Evaluation of S-Cr calibration was based on 39 observations, after excluding one of the samples with a difference between the assigned value and the measured value of >3 SDs from the mean difference. The measurements were done in triplicate in 3 separate runs, with measured S-Cr values ranging from 44 to 398 μmol/L. The correlation between the Cleveland Clinic Foundation (CCF) assigned values and the South African (SA) measured values was high (*R*^{2} = 0.999). Deming regression analysis was used to calculate the slope, 0.964 (95% CI 0.952 to 0.975), and intercept, 0.039 (95% CI 0.010 to 0.068), of the regression equation, with *y* = CCF-assigned values and *x* = SA-measured values. Because of this small but significant regression slope, measured S-Cr (SA) values were standardized to CCF values with the following equation: standardized S-Cr = 0.039 + [0.964 × S-Cr (SA)]. Standardized S-Cr values were used in all calculations.

### comparison of measured gfr to the 4-v mdrd equation

The Spearman correlation coefficient between mGFR and the 4-v MDRD equation was 0.90 (95% CI 0.85 to 0.93). Weighted Deming regression analysis showed a significant proportional bias of 1.24 (95% CI 1.09 to 1.38, *P* = 0.001) but no significant constant bias [0.24 (95% CI −5.91 to 5.43, *P* = 0.93)] when the established ethnicity factor of 1.212 was used. Without the ethnicity factor, weighted Deming regression analysis showed no significant proportional bias [1.02 (95% CI 0.90 to 1.14, *P* = 0.73)] or constant bias [0.02 (95% CI −4.61 to 4.65, *P* = 0.99)]. The percentage bias (median percentage difference between eGFR and mGFR) for the 4-v MDRD equation with the established ethnicity factor of 1.212 was 27%. Without the ethnicity factor, percentage bias was 5%. With the ethnicity factor of 1.212, P_{30} for the 4-v MDRD equation was 52% vs 74% without the ethnicity factor (Fig. 1⇓ ).

### comparison of measured gfr to the cg equation

The Spearman correlation coefficient between mGFR and CG normalized to 1.73 m^{2} was 0.89 (95% CI 0.85 to 0.93). Weighted Deming regression analysis comparing the CG equation to mGFR showed a significant proportional bias of 1.13 (95% CI 1.03 to 1.23, *P* = 0.01) but no significant constant bias [2.38 (95% CI −1.37 to 6.13, *P* = 0.21)]. Percentage bias for the CG equation was 19%, and P_{30} was 58%. The factor calculated to minimize bias of the CG equation in this dataset was 0.82 (95% CI 0.78 to 0.85). Correcting the CG equation for bias, eGFR (mL/min/1.73 m^{2}) = 0.82 × CG (mL/min/1.73 m^{2}), improved P_{30} to 71%.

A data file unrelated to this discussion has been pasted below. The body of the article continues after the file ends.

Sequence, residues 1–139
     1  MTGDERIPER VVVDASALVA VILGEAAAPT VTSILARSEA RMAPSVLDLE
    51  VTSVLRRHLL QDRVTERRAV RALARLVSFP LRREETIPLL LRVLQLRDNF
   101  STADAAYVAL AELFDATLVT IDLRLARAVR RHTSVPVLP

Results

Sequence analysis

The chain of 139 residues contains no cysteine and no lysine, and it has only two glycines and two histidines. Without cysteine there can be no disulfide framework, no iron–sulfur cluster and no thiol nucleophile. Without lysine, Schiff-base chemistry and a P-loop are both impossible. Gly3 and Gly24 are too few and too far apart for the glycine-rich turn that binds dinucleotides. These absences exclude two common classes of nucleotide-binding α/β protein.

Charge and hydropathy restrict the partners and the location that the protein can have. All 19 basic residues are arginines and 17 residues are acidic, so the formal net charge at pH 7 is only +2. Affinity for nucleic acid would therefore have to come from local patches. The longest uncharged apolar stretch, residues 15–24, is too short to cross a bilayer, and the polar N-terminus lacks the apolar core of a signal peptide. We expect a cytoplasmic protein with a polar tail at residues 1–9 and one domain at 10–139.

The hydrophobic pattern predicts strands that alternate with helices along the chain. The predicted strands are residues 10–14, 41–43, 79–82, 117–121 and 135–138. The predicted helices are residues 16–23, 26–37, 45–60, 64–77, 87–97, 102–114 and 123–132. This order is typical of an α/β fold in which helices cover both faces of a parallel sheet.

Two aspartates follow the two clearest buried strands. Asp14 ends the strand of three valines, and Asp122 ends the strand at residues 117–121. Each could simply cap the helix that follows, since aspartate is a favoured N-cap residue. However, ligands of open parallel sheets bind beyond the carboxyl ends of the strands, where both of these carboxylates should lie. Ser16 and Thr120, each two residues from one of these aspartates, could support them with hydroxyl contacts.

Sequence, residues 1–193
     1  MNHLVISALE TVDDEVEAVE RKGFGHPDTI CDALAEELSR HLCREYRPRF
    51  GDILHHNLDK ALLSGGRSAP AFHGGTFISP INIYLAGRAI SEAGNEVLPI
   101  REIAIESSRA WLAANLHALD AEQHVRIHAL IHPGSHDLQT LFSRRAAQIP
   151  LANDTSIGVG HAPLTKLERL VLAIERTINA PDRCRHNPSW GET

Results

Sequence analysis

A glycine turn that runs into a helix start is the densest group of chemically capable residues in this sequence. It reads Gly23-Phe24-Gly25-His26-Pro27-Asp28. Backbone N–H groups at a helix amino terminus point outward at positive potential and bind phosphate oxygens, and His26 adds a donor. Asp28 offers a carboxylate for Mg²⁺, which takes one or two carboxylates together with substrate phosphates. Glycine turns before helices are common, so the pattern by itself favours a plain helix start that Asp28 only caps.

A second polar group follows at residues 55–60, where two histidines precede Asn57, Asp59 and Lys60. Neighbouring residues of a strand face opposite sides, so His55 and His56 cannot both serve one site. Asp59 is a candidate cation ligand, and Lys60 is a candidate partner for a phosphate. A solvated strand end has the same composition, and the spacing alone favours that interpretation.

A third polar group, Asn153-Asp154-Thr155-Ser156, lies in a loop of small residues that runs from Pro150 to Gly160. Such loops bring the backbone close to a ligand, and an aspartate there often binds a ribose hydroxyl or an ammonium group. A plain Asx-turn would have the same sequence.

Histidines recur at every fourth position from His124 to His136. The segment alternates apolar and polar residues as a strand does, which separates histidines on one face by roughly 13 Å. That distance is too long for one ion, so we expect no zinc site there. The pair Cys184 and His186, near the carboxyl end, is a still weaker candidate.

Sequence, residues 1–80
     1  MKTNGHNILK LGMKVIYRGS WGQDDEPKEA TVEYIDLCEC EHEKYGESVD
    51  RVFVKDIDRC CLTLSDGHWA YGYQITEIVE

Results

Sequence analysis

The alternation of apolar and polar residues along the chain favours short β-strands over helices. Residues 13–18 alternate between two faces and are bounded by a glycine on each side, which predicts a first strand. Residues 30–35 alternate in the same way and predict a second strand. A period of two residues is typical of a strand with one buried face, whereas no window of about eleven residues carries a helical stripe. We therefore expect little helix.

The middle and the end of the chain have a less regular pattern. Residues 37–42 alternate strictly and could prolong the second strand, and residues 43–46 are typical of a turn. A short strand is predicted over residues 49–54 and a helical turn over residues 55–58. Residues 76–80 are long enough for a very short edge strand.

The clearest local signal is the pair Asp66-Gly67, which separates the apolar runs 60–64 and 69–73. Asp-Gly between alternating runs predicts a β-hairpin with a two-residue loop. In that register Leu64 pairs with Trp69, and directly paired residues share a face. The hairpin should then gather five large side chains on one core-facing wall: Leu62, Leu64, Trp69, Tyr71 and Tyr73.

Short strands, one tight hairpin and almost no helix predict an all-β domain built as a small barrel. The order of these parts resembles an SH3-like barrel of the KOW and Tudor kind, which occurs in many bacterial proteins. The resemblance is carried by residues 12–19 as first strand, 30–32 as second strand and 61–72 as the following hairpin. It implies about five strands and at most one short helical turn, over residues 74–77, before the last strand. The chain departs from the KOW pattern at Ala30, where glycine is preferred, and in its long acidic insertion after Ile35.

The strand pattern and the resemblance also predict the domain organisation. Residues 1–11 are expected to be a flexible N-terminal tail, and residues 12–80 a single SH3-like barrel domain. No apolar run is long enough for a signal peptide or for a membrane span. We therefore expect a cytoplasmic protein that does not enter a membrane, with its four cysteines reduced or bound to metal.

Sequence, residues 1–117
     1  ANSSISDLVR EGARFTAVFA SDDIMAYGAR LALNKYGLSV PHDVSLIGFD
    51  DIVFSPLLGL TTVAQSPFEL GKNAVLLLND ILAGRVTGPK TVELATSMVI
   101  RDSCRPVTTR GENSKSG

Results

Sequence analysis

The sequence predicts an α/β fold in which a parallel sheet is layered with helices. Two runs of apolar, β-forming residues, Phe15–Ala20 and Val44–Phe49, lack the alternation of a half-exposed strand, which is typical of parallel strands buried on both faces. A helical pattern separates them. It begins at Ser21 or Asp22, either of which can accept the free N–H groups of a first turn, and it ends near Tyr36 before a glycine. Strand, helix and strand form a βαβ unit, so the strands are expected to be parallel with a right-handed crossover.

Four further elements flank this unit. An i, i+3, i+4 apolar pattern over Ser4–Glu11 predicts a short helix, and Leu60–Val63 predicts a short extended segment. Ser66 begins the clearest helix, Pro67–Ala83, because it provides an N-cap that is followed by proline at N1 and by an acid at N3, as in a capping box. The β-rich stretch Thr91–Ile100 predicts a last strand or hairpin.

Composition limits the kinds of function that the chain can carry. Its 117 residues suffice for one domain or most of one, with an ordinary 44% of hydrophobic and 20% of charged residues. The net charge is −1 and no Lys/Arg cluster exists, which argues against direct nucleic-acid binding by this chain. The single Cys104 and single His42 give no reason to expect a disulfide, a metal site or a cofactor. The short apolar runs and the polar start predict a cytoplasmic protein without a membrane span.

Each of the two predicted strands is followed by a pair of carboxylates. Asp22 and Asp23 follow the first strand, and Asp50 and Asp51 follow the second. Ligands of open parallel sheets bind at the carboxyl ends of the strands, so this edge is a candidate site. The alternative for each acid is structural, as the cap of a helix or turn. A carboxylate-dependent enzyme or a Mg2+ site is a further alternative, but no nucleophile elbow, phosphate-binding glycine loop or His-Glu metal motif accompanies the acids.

### performance of equations at different stages of renal disease

For each of the eGFR equations, the dataset was split into 3 groups: eGFR <30, 30–60, and >60 mL/min/1.73 m^{2}. In each of these groups, the median difference between eGFR and mGFR (bias), percentage bias, IQR of the difference between eGFR and mGFRs, and root mean squared error were calculated. For each of the equations, bias, IQR, and root mean squared error increased at higher levels of eGFR (Table 1⇓ ).

## Discussion

CKD is increasingly recognized as a global public health problem (1). The high prevalence of hypertension, diabetes, and HIV in sub-Saharan Africa has resulted in a high risk for CKD (2). Early detection of CKD using simple laboratory tests and GFR prediction equations, such as the CG and 4-v MDRD equations, is important for the prevention of long-term complications.

Neither the CG nor the 4-v MDRD equation has previously been validated in Africa. The 4-v MDRD equation has also not been validated in a black population with a different body habitus than that of African Americans. Our results show that both the CG (after correcting for bias) and the 4-v MDRD (without the ethnicity factor established for African Americans) can be used for estimating GFR in black South Africans.

Many recent articles have underscored the importance of creatinine standardization (17). For this study, we used an alkaline picrate rate-blanked compensated kinetic assay (Roche Diagnostics) with calibration traceable to IDMS. In a study by Miller et al. (26), this method showed minimal bias compared with an IDMS value. We also assessed and corrected for possible calibration differences by using a calibration panel with values assigned by the Roche enzymatic assay (Cleveland Clinic Foundation). Because the S-Cr results were traceable to IDMS, we used the reexpressed 4-v MDRD equation (14).

The correlation coefficient for the 4-v MDRD equation was similar those of studies done in other population groups (27)(28)(29). The 4-v MDRD equation using the ethnicity factor of 1.212 as suggested for African Americans overestimated mGFR in black South Africans. Without the ethnicity factor (thus using the same equation as established for whites in the MDRD study), median overestimation was minimal and there was no significant proportional bias. Accuracy within 30% of mGFR was 52% with the ethnicity factor of 1.212 and 74% without the ethnicity factor.